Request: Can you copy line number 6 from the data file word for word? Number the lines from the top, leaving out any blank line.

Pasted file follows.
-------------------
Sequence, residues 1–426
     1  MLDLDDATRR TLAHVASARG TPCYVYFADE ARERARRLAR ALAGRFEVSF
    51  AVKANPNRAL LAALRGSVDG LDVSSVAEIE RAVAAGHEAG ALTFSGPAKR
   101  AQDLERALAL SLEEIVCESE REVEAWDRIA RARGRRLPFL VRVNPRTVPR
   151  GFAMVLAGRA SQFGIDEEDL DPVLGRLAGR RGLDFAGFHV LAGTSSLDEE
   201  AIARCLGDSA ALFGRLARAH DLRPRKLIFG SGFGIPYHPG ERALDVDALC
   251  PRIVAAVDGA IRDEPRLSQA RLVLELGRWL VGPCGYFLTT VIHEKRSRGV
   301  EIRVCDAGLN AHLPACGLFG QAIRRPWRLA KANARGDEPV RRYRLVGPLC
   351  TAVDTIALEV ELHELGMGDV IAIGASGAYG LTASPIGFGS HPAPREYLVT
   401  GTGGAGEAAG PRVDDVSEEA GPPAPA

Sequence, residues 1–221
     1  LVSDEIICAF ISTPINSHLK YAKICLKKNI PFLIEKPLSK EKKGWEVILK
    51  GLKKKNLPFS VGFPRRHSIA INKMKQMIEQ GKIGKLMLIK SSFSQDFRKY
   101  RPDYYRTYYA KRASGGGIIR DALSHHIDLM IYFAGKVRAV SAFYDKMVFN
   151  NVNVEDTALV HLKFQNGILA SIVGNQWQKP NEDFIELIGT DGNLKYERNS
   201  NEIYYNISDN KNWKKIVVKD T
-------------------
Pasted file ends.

   201  AIARCLGDSA ALFGRLARAH DLRPRKLIFG SGFGIPYHPG ERALDVDALC